Infertility, most of the time, is defined by a woman who unable to get pregnant after a year. Even if a woman is unable to get pregnant, in about 35% of couples struggling with infertility, males may be the cause as well. Because the ketogenic diet has helped with weight loss and controlling insulin levels, many couples have also decided to try the diet to enhance their fertility chances. The ketogenic diet is a high-fat, low carb diet that not only helps people lose weight but improves a person’s energy and reduces body inflammation, to name a few of its countless benefits. Research continues to show that a low carb, high-fat diet can help people combat being overweight. It can also help women who have PCOS, which may also include healing hormones. Keep reading to learn more about the ketogenic diet and how it may help with fertility related issues.
Perfect we dive into how the keto diet may help with infertility, let’s learn a little bit more about how obesity and fertility relate to one another from Perfect Keto.
Obesity is another common cause of infertility in women. Research shows that women who are overweight or obese tend to struggle with menstruation and ovulation issues, conception rates, miscarriages and other pregnancy complications.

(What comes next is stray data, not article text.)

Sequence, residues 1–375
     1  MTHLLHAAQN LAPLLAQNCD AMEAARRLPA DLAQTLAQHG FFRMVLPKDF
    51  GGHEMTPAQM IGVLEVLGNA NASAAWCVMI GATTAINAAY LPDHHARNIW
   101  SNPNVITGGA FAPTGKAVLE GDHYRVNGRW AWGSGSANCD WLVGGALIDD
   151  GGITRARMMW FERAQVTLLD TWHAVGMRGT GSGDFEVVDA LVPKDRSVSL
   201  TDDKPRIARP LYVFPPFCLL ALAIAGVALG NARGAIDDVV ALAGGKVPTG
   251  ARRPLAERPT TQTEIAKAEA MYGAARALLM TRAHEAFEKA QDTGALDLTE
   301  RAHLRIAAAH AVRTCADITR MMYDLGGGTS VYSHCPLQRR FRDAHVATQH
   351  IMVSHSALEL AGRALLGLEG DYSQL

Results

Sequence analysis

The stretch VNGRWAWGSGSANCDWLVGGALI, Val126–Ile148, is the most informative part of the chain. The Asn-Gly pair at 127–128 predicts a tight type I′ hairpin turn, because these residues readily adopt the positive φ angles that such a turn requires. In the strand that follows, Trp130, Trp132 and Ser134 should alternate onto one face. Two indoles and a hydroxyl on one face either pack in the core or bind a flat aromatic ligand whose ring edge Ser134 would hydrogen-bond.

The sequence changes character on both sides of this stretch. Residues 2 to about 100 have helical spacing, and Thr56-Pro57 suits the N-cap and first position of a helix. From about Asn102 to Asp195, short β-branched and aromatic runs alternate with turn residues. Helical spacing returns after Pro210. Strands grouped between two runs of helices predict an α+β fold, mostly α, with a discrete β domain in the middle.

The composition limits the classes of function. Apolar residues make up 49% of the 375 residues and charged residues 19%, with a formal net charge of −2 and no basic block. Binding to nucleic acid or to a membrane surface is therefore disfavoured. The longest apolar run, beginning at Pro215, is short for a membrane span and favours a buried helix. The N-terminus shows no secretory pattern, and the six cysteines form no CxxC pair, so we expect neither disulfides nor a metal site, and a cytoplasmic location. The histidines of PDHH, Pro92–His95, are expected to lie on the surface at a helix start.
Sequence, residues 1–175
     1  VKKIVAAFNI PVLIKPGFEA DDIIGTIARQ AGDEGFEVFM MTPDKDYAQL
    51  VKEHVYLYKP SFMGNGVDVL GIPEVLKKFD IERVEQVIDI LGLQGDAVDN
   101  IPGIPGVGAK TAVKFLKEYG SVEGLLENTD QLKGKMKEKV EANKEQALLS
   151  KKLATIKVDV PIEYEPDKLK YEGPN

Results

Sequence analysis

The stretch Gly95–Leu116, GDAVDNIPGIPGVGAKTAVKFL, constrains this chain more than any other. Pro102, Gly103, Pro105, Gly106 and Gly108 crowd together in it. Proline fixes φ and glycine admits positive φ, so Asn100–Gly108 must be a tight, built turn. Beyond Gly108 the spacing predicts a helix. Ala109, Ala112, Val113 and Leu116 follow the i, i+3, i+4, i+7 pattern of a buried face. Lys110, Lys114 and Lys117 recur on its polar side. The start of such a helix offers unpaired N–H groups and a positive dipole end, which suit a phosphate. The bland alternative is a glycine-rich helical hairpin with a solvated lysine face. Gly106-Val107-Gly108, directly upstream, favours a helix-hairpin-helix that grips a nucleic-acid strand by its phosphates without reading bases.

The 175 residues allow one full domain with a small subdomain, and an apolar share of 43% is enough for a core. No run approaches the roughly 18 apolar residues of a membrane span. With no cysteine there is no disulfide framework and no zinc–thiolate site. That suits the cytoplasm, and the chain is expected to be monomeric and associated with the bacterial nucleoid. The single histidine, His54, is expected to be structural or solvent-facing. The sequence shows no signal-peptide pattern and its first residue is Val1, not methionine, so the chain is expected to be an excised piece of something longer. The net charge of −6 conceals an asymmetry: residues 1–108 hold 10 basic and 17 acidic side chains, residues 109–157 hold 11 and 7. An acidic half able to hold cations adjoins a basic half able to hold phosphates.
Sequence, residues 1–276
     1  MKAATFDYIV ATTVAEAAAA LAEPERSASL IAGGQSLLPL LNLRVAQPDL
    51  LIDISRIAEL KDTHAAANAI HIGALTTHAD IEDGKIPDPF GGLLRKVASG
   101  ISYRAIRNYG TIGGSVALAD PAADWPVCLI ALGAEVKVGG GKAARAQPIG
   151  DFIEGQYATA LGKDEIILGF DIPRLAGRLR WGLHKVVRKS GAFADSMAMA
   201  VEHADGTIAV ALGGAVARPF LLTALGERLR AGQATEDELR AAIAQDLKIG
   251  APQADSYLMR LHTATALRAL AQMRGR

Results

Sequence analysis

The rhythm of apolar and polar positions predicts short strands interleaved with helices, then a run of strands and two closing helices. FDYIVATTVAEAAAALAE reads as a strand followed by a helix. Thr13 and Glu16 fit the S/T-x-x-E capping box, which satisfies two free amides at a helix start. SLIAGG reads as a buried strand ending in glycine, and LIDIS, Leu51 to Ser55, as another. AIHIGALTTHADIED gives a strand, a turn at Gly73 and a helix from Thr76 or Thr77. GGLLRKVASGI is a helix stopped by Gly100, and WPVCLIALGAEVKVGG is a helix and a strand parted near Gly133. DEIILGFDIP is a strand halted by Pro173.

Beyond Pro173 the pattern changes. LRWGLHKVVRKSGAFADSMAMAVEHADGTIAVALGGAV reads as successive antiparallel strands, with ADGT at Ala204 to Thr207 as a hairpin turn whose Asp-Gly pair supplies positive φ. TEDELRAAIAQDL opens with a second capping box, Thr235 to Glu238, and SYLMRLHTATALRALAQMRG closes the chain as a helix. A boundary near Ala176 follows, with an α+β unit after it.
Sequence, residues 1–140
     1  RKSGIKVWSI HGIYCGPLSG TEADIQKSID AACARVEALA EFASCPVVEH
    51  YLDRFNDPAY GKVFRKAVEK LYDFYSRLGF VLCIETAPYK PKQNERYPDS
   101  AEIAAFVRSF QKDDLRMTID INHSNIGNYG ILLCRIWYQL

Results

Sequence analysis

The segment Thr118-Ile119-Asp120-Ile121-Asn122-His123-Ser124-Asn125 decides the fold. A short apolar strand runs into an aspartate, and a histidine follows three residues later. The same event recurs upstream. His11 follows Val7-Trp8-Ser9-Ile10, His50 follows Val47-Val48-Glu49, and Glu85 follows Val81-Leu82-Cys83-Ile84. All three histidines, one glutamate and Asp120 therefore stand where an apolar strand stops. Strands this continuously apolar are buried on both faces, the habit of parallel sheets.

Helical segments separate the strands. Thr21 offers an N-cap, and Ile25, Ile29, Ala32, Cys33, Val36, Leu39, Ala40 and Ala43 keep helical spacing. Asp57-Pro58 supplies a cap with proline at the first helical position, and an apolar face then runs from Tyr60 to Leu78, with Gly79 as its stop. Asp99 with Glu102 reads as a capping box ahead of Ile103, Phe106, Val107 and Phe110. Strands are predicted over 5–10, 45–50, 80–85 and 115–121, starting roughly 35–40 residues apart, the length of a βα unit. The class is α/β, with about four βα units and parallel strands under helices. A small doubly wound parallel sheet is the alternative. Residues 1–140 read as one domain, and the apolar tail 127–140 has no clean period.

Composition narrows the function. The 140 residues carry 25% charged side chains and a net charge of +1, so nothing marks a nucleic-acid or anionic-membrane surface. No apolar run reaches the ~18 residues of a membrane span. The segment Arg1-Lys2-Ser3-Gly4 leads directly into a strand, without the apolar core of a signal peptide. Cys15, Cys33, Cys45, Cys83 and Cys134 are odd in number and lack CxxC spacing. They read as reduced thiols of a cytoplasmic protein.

Several studies found that the risk of infertility is 3x higher in obese women than in non-obese women and one study found that a larger portion of women who are seeking medical help to get pregnant are obese.
Because the ketogenic diet is very beneficial for weight loss and controlling insulin levels, it has become extremely popular as an effective tool to enhance fertility outcomes.
Research is continuing to emerge that a low-carbohydrate, ketogenic diet can help combat issues associated with PCOS and obesity, including healing reproductive hormones.
Before we dive into the results of these studies, it’s necessary to understand what the various reproductive hormones are and how they relate to fertility.
Healthline discusses how the ketogenic diet can help regulate hormones such as the luteinizing hormone, testosterone, and the stimulating follicle hormone.